• the glaze with maple, mustard, and tahini sounds wonderful with the carrots.

  • A lovely side dish! I also love the yellow & purple carrots a lot! I love this tasty dish! Yummie,…:)

  • I’ve always loved munching on baby carrots but haven’t been a fan of cooked carrots. I do like them in pot pies and noodle soup though! Sadly I started getting near-sighted at the ripe age of 5 and my eyes just progressively got worse through my teenage years. As luck had it, I became the perfect candidate for Lasik in my early 20’s and it was the best thing I ever did!

  • LOL with the glasses!! My dream is still alive as I am shortsighted on one eye and longsighted on the other with only a very slight power index, so the optometrist said I may not need reading glasses for a while yet πŸ™‚ Love these carrot especially the purple ones. The have such beautiful patterns too if you shave them crosswise with a mandoline.

  • I’m proud to be the only one who doesn’t wear glasses as well! I love vegetables but normally eat them plain, so I think this lovely dressing would be a bit of a luxury.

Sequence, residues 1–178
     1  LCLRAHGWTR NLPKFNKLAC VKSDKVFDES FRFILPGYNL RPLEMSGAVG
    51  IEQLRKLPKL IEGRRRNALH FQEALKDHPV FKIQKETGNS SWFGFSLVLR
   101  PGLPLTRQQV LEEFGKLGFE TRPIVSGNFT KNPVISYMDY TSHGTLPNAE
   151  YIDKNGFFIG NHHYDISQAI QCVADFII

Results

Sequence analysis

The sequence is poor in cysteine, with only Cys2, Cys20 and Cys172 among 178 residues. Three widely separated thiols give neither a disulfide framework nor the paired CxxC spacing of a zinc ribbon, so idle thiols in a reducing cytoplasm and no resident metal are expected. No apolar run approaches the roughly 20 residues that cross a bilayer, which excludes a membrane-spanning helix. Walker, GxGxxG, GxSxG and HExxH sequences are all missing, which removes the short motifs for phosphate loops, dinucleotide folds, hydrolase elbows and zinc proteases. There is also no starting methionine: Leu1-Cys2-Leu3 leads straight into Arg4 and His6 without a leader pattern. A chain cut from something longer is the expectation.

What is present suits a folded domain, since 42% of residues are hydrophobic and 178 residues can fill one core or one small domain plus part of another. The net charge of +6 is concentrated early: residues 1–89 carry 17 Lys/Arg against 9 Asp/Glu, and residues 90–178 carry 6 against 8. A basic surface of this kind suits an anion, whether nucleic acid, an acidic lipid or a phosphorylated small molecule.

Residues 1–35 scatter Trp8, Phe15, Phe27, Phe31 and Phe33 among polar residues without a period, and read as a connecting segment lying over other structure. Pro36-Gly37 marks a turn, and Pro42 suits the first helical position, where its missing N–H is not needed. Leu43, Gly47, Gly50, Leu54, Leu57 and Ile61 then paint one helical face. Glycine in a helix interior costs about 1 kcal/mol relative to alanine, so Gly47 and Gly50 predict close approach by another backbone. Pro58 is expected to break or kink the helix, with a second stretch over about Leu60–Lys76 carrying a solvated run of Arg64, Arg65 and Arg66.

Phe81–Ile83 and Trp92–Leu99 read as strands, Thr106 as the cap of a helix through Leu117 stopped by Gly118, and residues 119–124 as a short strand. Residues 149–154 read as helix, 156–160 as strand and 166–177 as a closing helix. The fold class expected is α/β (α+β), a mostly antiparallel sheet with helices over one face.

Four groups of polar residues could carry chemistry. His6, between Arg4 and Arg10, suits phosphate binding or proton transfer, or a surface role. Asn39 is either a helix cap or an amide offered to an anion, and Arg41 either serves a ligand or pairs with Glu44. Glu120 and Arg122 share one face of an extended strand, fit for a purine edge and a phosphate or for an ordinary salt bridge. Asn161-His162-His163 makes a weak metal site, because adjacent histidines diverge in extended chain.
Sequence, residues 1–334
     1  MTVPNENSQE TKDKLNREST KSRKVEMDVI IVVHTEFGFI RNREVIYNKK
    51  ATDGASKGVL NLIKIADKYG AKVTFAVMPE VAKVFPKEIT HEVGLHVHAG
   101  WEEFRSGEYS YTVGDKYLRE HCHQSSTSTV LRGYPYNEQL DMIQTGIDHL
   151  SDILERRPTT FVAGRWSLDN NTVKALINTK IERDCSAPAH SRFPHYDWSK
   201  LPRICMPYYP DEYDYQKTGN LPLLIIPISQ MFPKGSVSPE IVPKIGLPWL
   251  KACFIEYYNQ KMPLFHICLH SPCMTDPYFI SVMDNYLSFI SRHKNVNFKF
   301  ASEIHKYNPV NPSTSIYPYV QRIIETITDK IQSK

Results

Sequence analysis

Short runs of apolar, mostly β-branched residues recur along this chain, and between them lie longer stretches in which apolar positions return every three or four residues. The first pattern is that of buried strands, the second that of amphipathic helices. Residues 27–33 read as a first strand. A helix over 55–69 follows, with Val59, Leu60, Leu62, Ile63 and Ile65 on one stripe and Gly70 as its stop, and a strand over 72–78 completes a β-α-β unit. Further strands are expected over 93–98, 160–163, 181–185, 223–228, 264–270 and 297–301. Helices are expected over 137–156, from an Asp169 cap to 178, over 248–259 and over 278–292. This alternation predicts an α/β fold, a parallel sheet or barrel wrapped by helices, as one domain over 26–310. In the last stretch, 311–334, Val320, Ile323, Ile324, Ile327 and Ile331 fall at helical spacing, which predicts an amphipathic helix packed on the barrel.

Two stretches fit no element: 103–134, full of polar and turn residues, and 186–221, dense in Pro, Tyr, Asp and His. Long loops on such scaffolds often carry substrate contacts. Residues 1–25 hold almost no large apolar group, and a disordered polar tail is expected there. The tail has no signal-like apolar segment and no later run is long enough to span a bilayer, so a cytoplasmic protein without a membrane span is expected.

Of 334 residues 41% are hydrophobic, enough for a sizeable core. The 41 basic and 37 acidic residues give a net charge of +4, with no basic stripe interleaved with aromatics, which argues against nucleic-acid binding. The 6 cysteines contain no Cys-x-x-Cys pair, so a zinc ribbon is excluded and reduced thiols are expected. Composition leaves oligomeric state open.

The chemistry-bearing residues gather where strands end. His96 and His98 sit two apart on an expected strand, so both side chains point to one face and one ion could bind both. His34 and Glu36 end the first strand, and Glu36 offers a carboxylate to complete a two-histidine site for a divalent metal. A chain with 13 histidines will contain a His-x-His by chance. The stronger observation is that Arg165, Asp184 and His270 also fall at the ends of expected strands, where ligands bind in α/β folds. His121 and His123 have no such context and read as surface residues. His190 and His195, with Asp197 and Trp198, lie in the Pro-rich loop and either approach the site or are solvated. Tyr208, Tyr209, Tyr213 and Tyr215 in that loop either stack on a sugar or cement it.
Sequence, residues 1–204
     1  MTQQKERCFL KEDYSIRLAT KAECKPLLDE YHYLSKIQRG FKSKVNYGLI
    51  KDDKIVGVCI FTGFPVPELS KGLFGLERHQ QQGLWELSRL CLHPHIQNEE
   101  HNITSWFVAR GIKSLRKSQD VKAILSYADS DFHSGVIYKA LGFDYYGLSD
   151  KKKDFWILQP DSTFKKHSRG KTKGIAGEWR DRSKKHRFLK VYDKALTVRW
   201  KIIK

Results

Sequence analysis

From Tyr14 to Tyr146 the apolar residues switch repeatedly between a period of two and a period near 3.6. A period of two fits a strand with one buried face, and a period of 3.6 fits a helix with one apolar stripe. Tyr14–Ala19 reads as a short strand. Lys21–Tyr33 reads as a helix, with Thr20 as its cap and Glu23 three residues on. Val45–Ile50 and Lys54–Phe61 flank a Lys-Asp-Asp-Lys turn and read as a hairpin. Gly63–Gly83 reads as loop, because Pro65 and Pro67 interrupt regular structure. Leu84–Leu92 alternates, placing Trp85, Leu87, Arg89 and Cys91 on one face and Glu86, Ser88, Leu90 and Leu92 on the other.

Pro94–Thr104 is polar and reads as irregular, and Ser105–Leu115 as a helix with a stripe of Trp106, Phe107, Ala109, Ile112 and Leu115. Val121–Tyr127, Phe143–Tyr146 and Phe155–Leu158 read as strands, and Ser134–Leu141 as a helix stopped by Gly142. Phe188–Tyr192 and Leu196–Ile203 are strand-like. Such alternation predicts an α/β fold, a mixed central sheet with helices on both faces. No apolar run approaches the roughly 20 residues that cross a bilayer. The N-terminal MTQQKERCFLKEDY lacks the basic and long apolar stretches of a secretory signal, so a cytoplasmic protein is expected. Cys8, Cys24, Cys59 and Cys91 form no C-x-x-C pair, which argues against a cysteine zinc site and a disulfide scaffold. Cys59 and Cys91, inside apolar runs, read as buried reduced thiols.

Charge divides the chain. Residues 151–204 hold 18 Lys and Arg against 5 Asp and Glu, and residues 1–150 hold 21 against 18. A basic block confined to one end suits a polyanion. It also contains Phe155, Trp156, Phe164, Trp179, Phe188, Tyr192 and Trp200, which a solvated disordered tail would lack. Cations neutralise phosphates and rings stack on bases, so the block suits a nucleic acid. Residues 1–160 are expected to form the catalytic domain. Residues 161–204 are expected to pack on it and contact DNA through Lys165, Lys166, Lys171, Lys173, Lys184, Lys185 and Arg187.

• I’m not sure that I am 20/20 but I can perfectly see how delicious those carrots are. Tahini, maple and mustard.. what a great combo!

  • I never knew that carrots came in different colors. Do they all taste the same?

  • Carrots were one of the things I didn’t like growing up, but I love now! But you know, if my mom had made carrots that looked like this, I think it would have been different back then. πŸ˜‰

  • Those colorful carrots look delicious whether they help with vision or not! The sauce sounds fantastic with them too.

  • I love carrots. Especially fresh. Carrots are so inexpensive that you can buy the fanciest ones and still not spend a lot.

    I developed a good carrot soup recipe y’all might want to try: http://feedme.typepad.com/my_weblog/2008/08/fresh-carrot-soup-1.html

    But the coolest is this pseudo-sous-vide recipe that uses carrots in a bag in the microwave and the sudden expansion of the bag to signal perfect doneness. From Top Chef Michael Voltaggio:


    I haven’t tried it yet but will soon.

  • i’m the only one in my family who needs vision correction, so that’s a stinker. i’m also the only one who needed braces. the hits just keep coming. πŸ™‚
    i LOVE maple on carrots–nice recipe!